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A Tricycle Book Club Discussion with Sharon Salzberg
From the introduction of Real Happiness:
For thirty-six years, I’ve taught meditation to thousands of people, at the Insight Meditation Society retreat center in Barre, Massachusetts, which I cofounded in 1975, and at schools, corporations, government agencies, and community centers all over the world. I’ve introduced the techniques you’re about to encounter to groups of Silicon Valley entrepreneurs, schoolteachers, police officers, athletes, teenagers, army chaplains and medics, doctors, nurses, burn patients, prisoners, frontline workers in domestic violence shelters, new moms and dads. My students come from every walk of life, ethnic background, and belief tradition.
And they’re part of a national trend: A 2007 survey (the most recent data available) by the National Center for Health Statistics showed that more than twenty million Americans had practiced meditation in the previous twelve months. They did so, they told researchers, to improve their overall wellness; for help with stress, anxiety, pain, depression, or insomnia; and
to deal with the symptoms and emotional strain of chronic illness such as heart disease and cancer.
People also turn to meditation, I’ve found, because they want to make good decisions, break bad habits, and bounce back better from disappointments. They want to feel closer to their families and friends; more at home and at ease in their own bodies and minds; or part of something larger than themselves. They turn to meditation because human lives are full of real, potential, and imagined hazards, and they want to feel safer, more confident, calmer, wiser. Beneath these varied motivations lie the essential truths that we’re all alike in wanting to be happy and in our vulnerability to pain and unpredictable, continual change.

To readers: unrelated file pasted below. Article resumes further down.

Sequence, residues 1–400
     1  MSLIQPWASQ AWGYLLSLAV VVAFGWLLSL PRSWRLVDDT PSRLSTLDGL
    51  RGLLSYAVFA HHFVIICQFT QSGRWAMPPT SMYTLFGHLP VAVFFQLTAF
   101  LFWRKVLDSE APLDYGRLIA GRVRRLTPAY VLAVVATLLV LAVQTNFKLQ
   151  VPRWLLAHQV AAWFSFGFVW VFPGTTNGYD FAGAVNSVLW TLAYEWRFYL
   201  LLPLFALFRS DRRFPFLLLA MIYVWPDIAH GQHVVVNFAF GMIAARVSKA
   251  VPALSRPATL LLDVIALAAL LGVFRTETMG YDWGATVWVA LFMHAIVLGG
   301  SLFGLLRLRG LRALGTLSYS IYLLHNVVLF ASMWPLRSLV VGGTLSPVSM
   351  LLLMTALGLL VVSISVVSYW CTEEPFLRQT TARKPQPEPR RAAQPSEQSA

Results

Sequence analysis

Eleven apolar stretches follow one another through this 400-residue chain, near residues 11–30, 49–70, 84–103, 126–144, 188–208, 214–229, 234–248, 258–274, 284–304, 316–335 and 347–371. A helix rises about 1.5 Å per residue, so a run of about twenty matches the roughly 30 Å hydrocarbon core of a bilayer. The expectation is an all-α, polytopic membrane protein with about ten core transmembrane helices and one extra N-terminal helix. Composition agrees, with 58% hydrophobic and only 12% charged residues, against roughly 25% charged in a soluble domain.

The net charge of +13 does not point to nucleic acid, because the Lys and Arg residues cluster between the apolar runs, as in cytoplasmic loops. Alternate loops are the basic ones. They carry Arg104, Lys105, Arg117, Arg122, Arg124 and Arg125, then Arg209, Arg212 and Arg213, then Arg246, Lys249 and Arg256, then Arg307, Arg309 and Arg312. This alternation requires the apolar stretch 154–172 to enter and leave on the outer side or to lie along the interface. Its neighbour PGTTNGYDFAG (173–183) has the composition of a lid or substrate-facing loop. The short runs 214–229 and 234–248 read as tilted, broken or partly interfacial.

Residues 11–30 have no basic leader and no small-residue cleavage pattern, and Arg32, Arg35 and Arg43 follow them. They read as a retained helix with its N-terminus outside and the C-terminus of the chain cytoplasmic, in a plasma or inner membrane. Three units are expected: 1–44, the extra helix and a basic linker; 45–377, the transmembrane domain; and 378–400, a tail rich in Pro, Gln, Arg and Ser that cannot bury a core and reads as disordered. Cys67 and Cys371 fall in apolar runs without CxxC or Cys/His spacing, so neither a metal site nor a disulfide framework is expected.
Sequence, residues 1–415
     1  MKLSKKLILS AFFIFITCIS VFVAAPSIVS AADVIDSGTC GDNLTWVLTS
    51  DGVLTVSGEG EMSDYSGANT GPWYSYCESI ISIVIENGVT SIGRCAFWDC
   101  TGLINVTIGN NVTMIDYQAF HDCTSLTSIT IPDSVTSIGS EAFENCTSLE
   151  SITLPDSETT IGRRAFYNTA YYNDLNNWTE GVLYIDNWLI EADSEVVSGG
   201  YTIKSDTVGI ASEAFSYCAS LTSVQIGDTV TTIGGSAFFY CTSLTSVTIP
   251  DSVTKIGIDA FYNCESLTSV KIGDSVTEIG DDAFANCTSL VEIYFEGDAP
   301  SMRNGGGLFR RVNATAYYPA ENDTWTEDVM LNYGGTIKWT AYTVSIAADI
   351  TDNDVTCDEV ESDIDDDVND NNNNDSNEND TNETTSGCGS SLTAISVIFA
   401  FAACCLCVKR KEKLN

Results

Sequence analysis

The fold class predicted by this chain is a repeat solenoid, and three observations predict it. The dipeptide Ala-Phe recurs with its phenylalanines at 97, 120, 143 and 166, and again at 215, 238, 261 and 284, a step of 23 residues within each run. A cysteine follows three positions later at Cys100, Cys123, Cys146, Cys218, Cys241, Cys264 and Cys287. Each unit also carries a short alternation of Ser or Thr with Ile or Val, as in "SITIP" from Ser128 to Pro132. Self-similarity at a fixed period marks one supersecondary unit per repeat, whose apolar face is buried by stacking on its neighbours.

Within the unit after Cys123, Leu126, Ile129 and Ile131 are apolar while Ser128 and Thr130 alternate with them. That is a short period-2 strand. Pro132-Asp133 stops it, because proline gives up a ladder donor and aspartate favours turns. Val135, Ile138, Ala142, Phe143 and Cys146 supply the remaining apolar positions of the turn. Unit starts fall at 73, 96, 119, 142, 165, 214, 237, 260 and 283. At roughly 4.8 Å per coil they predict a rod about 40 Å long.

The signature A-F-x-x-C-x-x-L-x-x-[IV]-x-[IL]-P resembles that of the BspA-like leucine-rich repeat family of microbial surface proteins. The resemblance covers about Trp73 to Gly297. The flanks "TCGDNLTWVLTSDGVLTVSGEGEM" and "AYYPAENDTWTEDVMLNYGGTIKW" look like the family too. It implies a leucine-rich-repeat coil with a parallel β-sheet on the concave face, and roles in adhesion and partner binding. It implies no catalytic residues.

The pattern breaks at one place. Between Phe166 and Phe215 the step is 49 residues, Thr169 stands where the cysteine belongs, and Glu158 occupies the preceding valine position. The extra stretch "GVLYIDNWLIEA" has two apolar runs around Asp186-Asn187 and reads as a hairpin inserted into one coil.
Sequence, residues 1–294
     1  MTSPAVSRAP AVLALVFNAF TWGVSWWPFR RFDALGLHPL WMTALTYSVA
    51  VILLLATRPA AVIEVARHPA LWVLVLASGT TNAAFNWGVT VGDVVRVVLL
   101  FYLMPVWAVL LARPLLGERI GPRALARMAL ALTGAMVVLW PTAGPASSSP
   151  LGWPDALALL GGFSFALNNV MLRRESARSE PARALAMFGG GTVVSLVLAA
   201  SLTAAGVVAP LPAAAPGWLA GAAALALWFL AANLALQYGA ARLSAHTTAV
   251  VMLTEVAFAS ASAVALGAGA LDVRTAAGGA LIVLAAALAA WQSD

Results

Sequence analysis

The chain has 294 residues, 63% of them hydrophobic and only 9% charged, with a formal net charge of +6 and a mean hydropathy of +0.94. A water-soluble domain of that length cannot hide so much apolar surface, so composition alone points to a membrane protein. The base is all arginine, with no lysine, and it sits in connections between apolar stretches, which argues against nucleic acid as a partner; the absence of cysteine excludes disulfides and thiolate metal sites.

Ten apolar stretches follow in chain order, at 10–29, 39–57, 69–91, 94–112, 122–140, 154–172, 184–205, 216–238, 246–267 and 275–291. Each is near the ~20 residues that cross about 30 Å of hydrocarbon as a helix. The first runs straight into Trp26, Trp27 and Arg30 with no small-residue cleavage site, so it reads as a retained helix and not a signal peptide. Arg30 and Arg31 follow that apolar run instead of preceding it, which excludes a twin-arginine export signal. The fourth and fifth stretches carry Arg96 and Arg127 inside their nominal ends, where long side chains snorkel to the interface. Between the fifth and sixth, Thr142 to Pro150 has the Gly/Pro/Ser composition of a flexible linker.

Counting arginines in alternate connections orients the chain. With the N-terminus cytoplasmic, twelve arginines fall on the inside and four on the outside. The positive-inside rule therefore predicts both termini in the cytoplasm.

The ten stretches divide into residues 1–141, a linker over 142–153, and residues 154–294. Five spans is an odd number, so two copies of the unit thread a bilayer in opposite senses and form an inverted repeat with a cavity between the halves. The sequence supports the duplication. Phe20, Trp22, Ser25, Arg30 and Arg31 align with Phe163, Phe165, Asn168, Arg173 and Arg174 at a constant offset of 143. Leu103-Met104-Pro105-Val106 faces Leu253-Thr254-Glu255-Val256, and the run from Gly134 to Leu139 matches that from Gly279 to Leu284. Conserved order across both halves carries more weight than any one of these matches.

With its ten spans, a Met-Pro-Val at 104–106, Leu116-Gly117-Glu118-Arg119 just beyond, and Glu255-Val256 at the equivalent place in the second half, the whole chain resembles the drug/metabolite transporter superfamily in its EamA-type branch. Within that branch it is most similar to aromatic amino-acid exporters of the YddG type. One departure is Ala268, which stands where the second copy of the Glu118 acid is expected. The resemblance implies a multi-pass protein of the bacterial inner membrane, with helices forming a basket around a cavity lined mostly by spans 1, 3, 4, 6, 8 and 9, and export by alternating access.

Again and again I’ve seen novice meditators begin to transform their lives—even if they were initially resistant or skeptical. As I’ve learned through my own experience, meditation helps us to find greater tranquility, connect to our feelings, find a sense of wholeness, strengthen our relationships, and face our fears. That’s what happened to me.
Because of meditation, I’ve undergone profound and subtle shifts in the way I think and how I see myself in the world. I’ve learned that I don’t have to be limited to who I thought I was when I was a child or what I thought I was capable of yesterday, or even an hour ago. My meditation practice has freed me from the old, conditioned definition of myself as someone unworthy of love. Despite my initial fantasies whenI began meditating as a college student, I haven’t entered a steady state of glorious bliss. Meditation has made me happy, loving, and peaceful—but not every single moment of the day. I still have good times and bad, joy and sorrow. Now I can accept setbacks more easily, with less sense of disappointment and personal failure, because meditation has taught me how to cope with the profound truth that everything changes all the time.
Sharon Salzberg cofounded the Insight Meditation Society with Jack Kornfield and Joseph Goldstein. She has played a crucial role in bringing Asian meditation practices to the West. The ancient Buddhist practices of vipassana (mindfulness) and metta (lovingkindness) are the foundations of her work. Sharon is blogging throughout the 28-day challenge at her website—here. Many others are blogging on her site along with her!